MAGNETIC RESONANCE IMAGING WORKS
MRI is a new technique involving MRI technology. You've
probably seen MRI chambers on TV. The machine surrounds
the patient, who lies still on a pallet inside a narrow
cavern. A powerful electromagnetic field, considered to
be harmless, is generated around the person. The electromagnetic
field causes the nuclei of the body's hydrogen atoms (each
a single, positively-charged proton) to stop their random
spinning and align like compass needles. Precise radio
waves are then slammed into the flipped nuclei, making
the nuclei snap back to their original configurations.
As they do this, they release energy in the form of radio
waves that, echo-like, can be picked up by a detector
and sorted out by a computer. Regions dense with hydrogen
atoms will emit more radio waves, allowing the computer
to generate a high-resolution, three-dimensional density
map of the body.
MRI adds another dimension to this. When neurons (nerve
cells) are active, their metabolism increases significantly,
requiring increased blood flow to supply oxygen and carry
away metabolic waste. Blood that's carrying oxygen to
the neurons has different magnetic properties than deoxygenated
blood; as oxygen is rushed to active neurons, it causes
a temporary increase in MRI signal that a computer can
detect and amplify, giving a four-dimensional map in time
and space of brain activity.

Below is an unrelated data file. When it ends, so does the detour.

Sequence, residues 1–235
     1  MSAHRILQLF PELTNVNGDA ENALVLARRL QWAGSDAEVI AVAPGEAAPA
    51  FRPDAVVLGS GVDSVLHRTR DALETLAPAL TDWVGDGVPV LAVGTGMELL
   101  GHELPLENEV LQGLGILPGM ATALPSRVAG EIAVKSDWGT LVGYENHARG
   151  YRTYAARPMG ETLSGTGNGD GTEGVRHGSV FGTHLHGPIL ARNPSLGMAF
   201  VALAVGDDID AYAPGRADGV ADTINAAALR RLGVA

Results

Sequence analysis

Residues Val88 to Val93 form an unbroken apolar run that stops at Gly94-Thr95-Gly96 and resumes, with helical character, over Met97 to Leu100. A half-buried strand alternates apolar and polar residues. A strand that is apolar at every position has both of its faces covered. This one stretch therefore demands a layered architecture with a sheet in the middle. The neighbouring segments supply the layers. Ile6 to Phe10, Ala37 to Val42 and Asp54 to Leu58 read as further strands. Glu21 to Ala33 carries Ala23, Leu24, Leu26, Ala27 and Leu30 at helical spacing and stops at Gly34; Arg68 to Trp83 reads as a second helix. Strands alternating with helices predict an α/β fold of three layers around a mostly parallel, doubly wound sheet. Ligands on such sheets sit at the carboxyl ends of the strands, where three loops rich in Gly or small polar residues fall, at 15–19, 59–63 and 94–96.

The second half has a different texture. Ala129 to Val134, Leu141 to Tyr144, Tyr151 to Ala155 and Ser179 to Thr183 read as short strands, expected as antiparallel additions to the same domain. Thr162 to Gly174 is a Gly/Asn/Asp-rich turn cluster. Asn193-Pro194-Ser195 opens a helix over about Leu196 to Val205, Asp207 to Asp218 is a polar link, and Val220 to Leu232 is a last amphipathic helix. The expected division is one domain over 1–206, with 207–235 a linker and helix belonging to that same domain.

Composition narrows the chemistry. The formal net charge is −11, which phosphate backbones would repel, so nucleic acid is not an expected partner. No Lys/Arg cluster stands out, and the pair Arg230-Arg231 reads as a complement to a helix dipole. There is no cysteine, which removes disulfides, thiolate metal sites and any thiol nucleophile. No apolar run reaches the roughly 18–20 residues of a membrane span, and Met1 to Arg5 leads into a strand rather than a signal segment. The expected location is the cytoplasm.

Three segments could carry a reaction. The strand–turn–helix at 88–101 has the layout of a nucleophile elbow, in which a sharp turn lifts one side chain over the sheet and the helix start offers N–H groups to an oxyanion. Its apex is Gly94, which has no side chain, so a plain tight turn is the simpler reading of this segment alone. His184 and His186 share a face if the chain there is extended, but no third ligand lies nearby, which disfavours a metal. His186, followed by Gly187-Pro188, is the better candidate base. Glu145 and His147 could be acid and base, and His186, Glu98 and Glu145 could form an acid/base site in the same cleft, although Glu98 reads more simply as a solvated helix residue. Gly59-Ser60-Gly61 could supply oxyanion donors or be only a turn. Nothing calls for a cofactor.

is in contrast to previous brain-imaging techniques such
as X rays and CT scans, basically three-dimensional X-ray
images, good for looking at soft tissue structures like
the brain, but yielding little functional information.
(EEGs), recordings of the brain's electrical signals made
by attaching electrodes to the scalp, have helped researchers
identify large, generalized regions of the brain, such
as the temporal lobe and visual cortex. But the sensitivity
of an EEG is limited to synchronous firing in large groups
of neurons, and it has poor depth resolutionsince
the electrodes can only be stuck to the scalp, it's difficult
to tell how far down an activity is located.
emission tomography (PET) scans can perform a function
similar to fMRI by monitoring increased sugar metabolism.
Active cells use more of the simple sugar glucose than
resting cells do. If glucose is radioactively "tagged,"
and then injected into the subject, its path through the
body can be observed. But subjects are generally reluctant
to be injected with radioactive material, even at very
low levels. In contrast, fMRI is completely noninvasive.